14 GEORGIOS K. ALEXOPOULOS

1.7. Positive harmonic functions. A consequence of the Harnack inequality

(1.6.1) is the following result:

THEOREM

1.7.1. Let L be a centered left invariant sub-Laplacian on a con-

nected Lie group G of polynomial volume growth. Then, every positive function

u 0 satisfying Lu — 0 on G is constant.

1.8. Gaussian estimates for the heat kernel. Making use of the Harnack

inequality (1.6.1) we can prove the following upper Gaussian estimate:

THEOREM

1.8.1. Let pt(x,y) be the heat kernel of a centered left invariant

sub-Laplacian L on a connected Lie group G of polynomial volume growth and let

\.\G be as in (1.1). Then there is a constant c 0 such that

(1.8.1) pt(x,y) c

t~D'2

exp U ? - ^ \ , tl,x,yeG.

When EQ G ei + t2 then we also have a small time (i.e. valid for 0 t 1)

Gaussian estimates (cf. [He, V4, V7 appendix A.4]). If EQ £ t\ -f 12 then the

situation is much more complicated (cf. [BL1, BL2]).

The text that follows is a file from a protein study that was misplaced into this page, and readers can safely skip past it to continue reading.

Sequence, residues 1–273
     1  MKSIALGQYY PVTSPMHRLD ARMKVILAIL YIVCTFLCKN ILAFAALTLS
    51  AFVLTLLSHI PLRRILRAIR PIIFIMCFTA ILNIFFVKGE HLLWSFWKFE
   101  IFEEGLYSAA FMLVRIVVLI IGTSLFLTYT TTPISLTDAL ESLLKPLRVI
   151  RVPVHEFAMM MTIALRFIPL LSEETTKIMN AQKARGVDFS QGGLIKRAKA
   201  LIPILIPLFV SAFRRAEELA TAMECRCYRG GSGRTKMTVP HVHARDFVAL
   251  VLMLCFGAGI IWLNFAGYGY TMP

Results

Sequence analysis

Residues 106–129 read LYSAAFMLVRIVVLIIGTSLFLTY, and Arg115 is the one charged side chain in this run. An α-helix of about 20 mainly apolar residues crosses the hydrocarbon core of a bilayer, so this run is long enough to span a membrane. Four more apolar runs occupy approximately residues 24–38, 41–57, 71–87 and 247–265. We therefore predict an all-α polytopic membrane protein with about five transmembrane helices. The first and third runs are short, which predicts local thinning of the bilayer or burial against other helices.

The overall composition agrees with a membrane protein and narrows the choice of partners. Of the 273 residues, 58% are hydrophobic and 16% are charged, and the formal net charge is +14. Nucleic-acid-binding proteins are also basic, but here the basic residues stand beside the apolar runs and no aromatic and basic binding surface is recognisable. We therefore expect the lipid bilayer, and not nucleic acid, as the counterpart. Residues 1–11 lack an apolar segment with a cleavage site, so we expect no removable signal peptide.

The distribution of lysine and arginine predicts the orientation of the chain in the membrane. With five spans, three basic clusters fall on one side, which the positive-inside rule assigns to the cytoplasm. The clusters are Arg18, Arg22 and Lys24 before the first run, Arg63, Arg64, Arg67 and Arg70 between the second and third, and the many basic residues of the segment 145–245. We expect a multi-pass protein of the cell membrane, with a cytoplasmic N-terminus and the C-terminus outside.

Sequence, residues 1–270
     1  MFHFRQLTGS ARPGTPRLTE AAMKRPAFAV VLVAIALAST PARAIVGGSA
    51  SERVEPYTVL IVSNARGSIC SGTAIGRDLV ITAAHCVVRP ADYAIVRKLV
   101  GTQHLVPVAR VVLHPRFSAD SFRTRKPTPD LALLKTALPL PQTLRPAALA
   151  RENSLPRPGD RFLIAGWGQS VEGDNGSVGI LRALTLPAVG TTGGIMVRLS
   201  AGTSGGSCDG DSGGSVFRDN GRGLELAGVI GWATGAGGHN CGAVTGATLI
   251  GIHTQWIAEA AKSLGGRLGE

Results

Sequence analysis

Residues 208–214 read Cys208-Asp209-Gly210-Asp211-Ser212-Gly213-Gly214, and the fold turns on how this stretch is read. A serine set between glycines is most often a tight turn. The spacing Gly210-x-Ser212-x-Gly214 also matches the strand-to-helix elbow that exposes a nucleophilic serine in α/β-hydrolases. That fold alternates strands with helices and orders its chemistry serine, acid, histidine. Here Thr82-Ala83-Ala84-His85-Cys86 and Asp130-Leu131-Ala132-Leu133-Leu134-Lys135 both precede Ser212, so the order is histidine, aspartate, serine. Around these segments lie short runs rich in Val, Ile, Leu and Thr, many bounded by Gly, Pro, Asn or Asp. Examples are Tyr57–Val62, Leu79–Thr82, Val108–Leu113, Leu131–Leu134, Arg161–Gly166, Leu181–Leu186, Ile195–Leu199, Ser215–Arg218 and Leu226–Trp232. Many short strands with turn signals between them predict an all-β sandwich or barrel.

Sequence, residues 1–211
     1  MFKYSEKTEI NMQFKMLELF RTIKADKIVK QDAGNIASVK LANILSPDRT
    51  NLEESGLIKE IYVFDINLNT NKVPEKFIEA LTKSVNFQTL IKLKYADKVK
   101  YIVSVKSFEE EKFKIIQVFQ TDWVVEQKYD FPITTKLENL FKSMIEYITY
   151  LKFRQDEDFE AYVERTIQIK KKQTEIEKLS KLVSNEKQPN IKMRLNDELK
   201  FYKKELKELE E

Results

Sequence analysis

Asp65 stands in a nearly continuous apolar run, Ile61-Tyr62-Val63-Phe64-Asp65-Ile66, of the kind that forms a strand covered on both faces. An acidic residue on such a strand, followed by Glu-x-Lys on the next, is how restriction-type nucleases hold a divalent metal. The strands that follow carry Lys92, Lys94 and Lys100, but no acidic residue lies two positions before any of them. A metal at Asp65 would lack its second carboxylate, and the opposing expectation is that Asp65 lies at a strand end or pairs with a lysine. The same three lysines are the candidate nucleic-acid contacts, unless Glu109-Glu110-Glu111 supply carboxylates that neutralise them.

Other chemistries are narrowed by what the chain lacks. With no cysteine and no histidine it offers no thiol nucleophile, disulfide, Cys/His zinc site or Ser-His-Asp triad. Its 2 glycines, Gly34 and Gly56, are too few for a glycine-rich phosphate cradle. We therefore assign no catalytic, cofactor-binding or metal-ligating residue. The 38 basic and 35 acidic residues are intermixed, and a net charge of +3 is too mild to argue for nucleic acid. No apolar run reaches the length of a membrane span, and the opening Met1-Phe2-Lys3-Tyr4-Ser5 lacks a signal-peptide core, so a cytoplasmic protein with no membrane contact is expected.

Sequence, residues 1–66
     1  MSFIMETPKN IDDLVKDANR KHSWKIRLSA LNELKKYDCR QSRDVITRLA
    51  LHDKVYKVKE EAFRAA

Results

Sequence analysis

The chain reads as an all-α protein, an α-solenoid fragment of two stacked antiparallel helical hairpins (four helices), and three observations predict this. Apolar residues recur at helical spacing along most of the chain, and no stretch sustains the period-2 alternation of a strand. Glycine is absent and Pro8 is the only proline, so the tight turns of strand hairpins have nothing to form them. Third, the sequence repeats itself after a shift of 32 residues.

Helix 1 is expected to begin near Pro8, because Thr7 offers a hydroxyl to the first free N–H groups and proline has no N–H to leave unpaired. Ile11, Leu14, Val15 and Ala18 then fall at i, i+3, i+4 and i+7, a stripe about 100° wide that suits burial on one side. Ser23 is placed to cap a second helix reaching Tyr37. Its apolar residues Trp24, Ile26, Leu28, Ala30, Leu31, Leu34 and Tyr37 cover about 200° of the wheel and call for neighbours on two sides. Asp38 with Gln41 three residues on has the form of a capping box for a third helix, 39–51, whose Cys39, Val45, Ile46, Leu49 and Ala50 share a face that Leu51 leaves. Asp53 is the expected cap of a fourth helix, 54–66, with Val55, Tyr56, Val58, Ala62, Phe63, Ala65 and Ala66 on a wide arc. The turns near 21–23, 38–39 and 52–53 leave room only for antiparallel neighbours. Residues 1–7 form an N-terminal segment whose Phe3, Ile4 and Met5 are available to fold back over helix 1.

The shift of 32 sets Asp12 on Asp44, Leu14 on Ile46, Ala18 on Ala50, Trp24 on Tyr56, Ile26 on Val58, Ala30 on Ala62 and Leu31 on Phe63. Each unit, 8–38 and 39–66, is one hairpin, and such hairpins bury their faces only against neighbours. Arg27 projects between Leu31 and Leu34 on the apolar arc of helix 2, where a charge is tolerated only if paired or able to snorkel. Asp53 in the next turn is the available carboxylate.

We also have the following lower Gaussian estimate:

COROLLARY

1.8.2. Let L and pt(x,y) be as above. Then there is a constant

c 1 such that

(1.8.2) pt(x, y) \ t-D'2 exp ( - c 1 ^ 1 ^ )

for all t 1, and x,y G G.

For time t = 1, the above estimate has been proved by Varopoulos (cf. [V4,

V5, V8]). If \x~1y\c t/c, then (1.8.2) follows be repeating the lower estimate

for t = 1. If \x~1y\c t/c, then (1.8.2) follows from the Harnack inequality (1.6.1)

by arguing as in [VSC, pp. 47-50].

1.9. A Taylor formula for the heat functions on nilpotent Lie groups.

1. Polynomials on nilpotent Lie groups. If T V is a simply connected nilpotent

Lie group, then using the exponential coordinates we can identify AT, as a differential

manifold, with

Rq.

So, by a monomial on N we shall understand a monomial on

Rq.

For every monomial P(x), there is a unique integer k 0 such that for every

compact neighborhood U of e there is c 0 such that

(1.9.1) -nk sup{|P(x)|, xeUn} cnk, n G N.

c

We shall define the homogeneous degree deg# P of P(x) by deg# P — k.

We shall say that P(t,x) is a monomial on R x N if P(t,x) = tmQ(x), with

Q(x) a monomial on N. We shall define the homogeneous degree degH P(t,x) of

P(t,x) by

deg^ P(t, x) = 2m + deg# Q(x).

By polynomials we shall of course understand linear combinations of mono-

mials. The homogeneous degree of a polynomial is therefore the maximum of the

homogeneous degrees of its monomials.